1911 Encyclopædia Britannica/Gourgaud, Gaspar, Baron
GOURGAUD, GASPAR, Baron (1783–1852), French soldier, was born at Versailles on the 14th of September 1783; his father was a musician of the royal chapel. At school he showed talent in mathematical studies and accordingly entered the artillery. In 1802 he became junior lieutenant, and thereafter served with credit in the campaigns of 1803-1805, being wounded at Austerlitz. He was present at the siege of Saragossa in 1808, but returned to service in Central Europe and took part in nearly all the battles of the Danubian campaign of 1809. In 1811 he was chosen to inspect and report on the fortifications of Danzig. Thereafter he became one of the ordnance officers attached to the emperor, whom he followed closely through the Russian campaign of 1812; he was one of the first to enter the Kremlin and discovered there a quantity of gunpowder which might have been used for the destruction of Napoleon. For his services in this campaign he received the title of baron, and became first ordnance officer. In the campaign of 1813 in Saxony he further evinced his courage and prowess, especially at Leipzig and Hanau; but it was in the first battle of 1814, near to Brienne, that he rendered the most signal service by killing the leader of a small band of Cossacks who were riding furiously towards Napoleon's tent. Wounded at the battle of Montmirail, he yet recovered in time to share in several of the conflicts which followed, distinguishing himself especially at Laon and Reims. Though enrolled among the royal guards of Louis XVIII. in the summer of 1814, he yet embraced the cause of Napoleon during the Hundred Days (1815), was named general and aide-de-camp by the emperor, and fought at Waterloo.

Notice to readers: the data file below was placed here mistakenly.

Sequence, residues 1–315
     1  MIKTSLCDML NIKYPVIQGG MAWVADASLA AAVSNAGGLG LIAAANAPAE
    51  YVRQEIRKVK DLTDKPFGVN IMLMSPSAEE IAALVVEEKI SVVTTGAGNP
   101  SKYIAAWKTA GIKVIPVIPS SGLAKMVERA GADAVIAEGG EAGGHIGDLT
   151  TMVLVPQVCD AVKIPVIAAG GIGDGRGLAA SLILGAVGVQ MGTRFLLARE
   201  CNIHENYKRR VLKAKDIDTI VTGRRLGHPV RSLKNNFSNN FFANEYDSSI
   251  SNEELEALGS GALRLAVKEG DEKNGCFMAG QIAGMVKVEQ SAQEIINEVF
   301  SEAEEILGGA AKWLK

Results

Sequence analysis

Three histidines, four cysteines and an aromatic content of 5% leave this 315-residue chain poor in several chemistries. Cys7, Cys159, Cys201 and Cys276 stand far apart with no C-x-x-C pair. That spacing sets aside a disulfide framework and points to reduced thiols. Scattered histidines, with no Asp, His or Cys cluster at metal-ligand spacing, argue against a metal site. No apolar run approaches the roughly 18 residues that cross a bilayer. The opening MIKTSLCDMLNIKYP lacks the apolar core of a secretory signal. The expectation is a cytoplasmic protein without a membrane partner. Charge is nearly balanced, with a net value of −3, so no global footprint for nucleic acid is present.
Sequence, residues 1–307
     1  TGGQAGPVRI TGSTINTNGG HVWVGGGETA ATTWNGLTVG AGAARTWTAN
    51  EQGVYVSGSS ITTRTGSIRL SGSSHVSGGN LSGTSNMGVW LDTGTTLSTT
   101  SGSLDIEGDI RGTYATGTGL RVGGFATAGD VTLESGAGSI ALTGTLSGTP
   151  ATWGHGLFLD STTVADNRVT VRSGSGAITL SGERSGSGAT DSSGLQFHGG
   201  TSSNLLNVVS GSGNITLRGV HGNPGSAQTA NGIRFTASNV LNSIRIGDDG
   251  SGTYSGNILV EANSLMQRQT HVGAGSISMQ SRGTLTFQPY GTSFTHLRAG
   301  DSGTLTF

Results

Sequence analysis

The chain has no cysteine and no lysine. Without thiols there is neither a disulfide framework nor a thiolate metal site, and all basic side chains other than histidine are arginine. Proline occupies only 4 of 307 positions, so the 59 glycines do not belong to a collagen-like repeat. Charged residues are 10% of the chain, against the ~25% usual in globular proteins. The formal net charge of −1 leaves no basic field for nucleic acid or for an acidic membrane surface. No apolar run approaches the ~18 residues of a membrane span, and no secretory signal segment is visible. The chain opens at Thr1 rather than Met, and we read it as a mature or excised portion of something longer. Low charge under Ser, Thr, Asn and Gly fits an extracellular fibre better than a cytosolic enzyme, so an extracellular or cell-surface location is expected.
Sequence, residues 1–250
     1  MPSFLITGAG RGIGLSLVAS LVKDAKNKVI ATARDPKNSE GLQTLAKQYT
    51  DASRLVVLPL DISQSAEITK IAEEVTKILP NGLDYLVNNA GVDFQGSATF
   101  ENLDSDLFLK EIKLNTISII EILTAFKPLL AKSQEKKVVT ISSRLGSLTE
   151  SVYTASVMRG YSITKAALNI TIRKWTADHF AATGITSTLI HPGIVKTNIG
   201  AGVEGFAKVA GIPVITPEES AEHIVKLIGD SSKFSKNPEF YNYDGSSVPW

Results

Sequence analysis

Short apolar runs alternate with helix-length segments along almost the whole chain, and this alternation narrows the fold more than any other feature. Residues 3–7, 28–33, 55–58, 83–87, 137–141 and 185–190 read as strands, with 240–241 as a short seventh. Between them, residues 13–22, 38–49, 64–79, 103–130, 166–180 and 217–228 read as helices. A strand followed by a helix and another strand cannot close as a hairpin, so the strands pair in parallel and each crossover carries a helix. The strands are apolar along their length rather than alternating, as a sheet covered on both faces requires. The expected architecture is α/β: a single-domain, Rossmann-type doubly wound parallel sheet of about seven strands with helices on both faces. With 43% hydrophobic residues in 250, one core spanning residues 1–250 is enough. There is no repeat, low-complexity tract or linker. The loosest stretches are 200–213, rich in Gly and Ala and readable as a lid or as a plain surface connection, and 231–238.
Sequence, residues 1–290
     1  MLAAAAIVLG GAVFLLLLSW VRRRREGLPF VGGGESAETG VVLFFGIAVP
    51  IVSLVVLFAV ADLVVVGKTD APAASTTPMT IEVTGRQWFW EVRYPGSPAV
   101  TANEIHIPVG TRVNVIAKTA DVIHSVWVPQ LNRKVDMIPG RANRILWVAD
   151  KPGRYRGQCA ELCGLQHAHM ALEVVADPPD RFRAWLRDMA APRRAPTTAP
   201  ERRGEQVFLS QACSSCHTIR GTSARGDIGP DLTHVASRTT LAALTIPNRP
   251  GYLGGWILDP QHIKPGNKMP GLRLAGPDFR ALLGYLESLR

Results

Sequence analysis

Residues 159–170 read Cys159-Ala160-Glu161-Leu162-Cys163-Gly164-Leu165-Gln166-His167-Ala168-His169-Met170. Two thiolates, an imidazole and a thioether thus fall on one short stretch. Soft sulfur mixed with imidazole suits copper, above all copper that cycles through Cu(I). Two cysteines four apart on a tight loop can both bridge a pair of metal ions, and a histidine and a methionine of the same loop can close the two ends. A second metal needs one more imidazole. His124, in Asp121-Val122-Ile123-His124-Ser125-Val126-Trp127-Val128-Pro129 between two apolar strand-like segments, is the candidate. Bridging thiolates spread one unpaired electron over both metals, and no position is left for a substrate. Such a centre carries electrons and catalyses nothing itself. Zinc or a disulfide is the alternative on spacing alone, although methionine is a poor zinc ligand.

After the second abdication of the emperor (June 22nd, 1815) Gourgaud retired with him and a few other companions to Rochefort. It was to him that Napoleon entrusted the letter of appeal to the prince regent for an asylum in Engiand. Gourgaud set off in H.M.S. "Slaney," but was not allowed to land in England. He determined to share Napoleon's exile and sailed with him on H.M.S. "Northumberland" to St Helena. The ship's secretary, John R. Glover, has left an entertaining account of some of Gourgaud's gasconnades at table. His extreme sensitiveness and vanity soon brought him into collision with Las Cases and Montholon at Longwood. The former he styles in his journal a "Jesuit" and a scribbler who went thither in order to become famous. With Montholon, his senior in rank, the friction became so acute that he challenged him to a duel, for which he suffered a sharp rebuke from Napoleon. Tiring of the life at Longwood and the many slights which he suffered from Napoleon, he desired to depart, but before he could sail he spent two months with Colonel Basil Jackson, whose account of him throws much light on his-character, as also on the "policy" adopted by the exiles at Longwood. In England he was gained over by members of the Opposition and thereafter made common cause with O'Meara and other detractors of Sir Hudson Lowe, for whose character he had expressed high esteem to Basil Jackson. He soon published his Campagne de 1815, in the preparation of which he had had some help from Napoleon; but Gourgaud's Journal de Ste-Hélène was not destined to be published till the year 1899. Entering the arena of letters, he wrote, or collaborated in, two well-known critiques. The first was a censure of Count P. de Ségur's work on the campaign of. 1812, with the result that he fought a duel with that officer and wounded him. He also sharply criticized Sir Walter Scott's Life of Napoleon. He returned to active service in the army in 1830; and in 1840 proceeded with others to St Helena to bring back the remains of Napoleon to France. He became a deputy to the Legislative Assembly in 1849; he died in 1852.